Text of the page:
May 16th, 2010

through a chink too wide there comes in no wonder

Patrick Kavanagh, Advent:

We have tested and tasted too much, lover-
Through a chink too wide there comes in no wonder.
But here in the Advent-darkened room
Where the dry black bread and the sugarless tea
Of penance will charm back the luxury
Of a child’s soul, we’ll return to Doom
The knowledge we stole but could not use.

And the newness that was in every stale thing
When we looked at it as children: the spirit-shocking
Wonder in a black slanting Ulster hill
Or the prophetic astonishment in the tedious talking
Of an old fool will awake for us and bring
You and me to the yard gate to watch the whins
And the bog-holes, cart-tracks, old stables where Time begins.

O after Christmas we’ll have no need to go searching
For the difference that sets an old phrase burning-
We’ll hear it in the whispered argument of a churning
Or in the streets where the village boys are lurching.
And we’ll hear it among decent men too
Who barrow dung in gardens under trees,
Wherever life pours ordinary plenty.
Won’t we be rich, my love and I, and
God we shall not ask for reason’s payment,
The why of heart-breaking strangeness in dreeping hedges
Nor analyse God’s breath in common statement.
We have thrown into the dust-bin the clay-minted wages
Of pleasure, knowledge and the conscious hour-
And Christ comes with a January flower.

Studied this poem at school and it didn’t mean an awful lot to me. But it stayed in my head and sometimes rises to the surface at appropriate moments.

May 16th, 2010

the biology of love

Above is a video about the visual MD — a new way to visualize the system of our bodies.

Here’s one of their videos, giving a scientific perspective on mother-child bonding: The Biology of Love.

I could watch such videos all day. I have some sort of drive to learn about how things work.

May 13th, 2010

why and how to value experience over posessions

Psyblog explains the psychological reasons why material possessions can be so dissatisfying in the long term, as opposed to experiential purchases like concert tickets or a meal out, which often seem to even appreciate in value in our minds as time passes.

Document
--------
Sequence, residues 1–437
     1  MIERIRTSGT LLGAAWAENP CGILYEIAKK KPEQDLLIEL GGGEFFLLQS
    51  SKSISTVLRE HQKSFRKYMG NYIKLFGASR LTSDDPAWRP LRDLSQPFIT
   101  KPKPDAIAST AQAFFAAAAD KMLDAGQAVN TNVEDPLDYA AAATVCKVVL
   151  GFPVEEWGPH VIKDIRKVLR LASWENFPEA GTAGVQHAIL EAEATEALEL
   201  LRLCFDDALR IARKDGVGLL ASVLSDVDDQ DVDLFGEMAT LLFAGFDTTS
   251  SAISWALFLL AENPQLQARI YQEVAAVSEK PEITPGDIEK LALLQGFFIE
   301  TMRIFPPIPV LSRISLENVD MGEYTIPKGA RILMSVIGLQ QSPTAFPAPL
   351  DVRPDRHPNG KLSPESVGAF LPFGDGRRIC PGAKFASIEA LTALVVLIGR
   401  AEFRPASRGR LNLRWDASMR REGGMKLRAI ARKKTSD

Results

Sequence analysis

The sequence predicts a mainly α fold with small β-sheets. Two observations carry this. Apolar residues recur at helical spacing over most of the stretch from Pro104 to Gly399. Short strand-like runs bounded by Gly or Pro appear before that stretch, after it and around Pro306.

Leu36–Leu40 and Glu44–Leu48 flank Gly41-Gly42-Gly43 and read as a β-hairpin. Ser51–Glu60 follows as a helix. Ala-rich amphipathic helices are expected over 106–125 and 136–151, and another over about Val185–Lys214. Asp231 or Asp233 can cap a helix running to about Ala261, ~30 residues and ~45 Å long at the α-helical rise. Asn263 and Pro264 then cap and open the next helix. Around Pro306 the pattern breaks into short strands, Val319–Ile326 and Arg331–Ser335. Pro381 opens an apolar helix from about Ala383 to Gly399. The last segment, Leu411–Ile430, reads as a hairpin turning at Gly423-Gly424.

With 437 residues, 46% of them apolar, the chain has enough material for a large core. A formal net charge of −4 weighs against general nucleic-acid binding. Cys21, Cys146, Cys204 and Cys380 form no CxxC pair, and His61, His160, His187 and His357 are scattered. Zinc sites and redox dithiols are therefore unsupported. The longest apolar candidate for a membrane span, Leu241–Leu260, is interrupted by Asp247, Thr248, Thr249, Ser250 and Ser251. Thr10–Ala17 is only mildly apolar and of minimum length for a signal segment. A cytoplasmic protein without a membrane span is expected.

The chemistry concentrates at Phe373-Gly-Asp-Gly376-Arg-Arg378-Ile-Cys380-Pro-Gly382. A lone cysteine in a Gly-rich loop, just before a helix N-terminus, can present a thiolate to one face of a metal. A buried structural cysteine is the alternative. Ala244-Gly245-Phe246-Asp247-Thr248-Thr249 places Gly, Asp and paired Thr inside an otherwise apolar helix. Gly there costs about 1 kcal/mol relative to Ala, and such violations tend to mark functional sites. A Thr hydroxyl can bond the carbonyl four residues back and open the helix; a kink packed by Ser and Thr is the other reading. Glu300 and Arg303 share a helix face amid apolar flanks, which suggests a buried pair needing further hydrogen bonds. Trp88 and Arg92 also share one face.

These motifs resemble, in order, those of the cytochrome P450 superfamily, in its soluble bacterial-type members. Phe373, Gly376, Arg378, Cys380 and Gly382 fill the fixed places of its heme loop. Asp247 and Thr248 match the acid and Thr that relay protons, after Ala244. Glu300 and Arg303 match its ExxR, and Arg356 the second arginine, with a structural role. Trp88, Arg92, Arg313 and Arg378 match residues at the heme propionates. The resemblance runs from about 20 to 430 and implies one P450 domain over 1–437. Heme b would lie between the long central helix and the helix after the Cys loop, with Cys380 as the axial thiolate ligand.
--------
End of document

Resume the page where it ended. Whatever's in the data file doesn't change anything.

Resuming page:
The article also explains how one can learn to be more content with those material possessions we do end up buying (in spite of our better knowledge): by thinking of them in experiential terms.

By thinking experientially we can make more of what we already have and ward off the invidious comparisons that can make the treadmill of consumer culture so unsatisfying.

Six psychological reasons consumer culture is so unsatisfying.

May 13th, 2010

dune landscapes

Piet Mondriaan. “Duinlandschap”, 1911

Dutch artists have proven there’s more than one way to paint a dune. At the Volkskrant website there’s a collection featuring Toorop, Mondriaan, Van Gogh… and the Swiss Paul Klee.

May 13th, 2010

a procession of paintings

Rodolphe-Théophile Bosshard (1889 – 1960):

“Bissone”, 1943.

Ferdinand Loyen Du Puigaudeau (1864 – 1930):

“Nighttime procession at Saint-Pol-de-Leon”

“The Bourg-de-Batz church under moonlight”

There’s more to be admired at the gemlike Art Inconnu blog, which digs up widely unsung European artists from the 19th and 20th centuries. Not literally, mind.

May 13th, 2010

the happiest gravestone


Annie M.G. Schmidt‘s gravestone is actually uplifting rather than grave.

You look at it and think: “I can’t wait!”.

Ok, perhaps not. But I’ll shelve my envy for later.

May 11th, 2010

nature and the poet

Peele Castle in a Storm, 1805. Sir George Beaumont (1753 – 1827)

This painting was the inspiration for Wordsworth’s ‘Elegiac Stanzas’, written after the death of his brother John at sea in 1805. It was Sir George’s donation of a major part of his collection to the nation that was to have a decisive effect on the creation of a National Gallery.


Wordsworth saw the natural world as a stimulus for thinking about the emotional response it generated within him. It was man’s growing awareness of an inner, religious response to nature that interested Wordsworth, (not simply the physical ‘rocks, and stones. and trees’).

Most of all, it was the ‘Mind of Man’ that Wordsworth declared was his ‘haunt, and the main region of [his] song.’ The mind, through imagination, could reach beyond sensory experience;it could experience ‘absent things as if they were present’ and perceive the infinite. For Wordsworth, the mind was ‘creator and receiver both,/Working but in alliance with the works/Which it beholds.’ His poetry was the product of a collaboration with nature within the mind, emotions and imagination. It is the landscape of Wordsworth’s mind that we find in his poetry.

And finally, the man worthy of all these words (the poem is Nature and the poet):

I was thy neighbour once, thou rugged Pile!
Four summer weeks I dwelt in sight of thee:
I saw thee every day; and all the while
Thy form was sleeping on a glassy sea.

So pure the sky, so quiet was the air!
So like, so very like, was day to day!
Whene’er I look’d, thy image still was there;
It trembled, but it never pass’d away.

How perfect was the calm! It seem’d no sleep,
No mood, which season takes away, or brings;
I could have fancied that the mighty Deep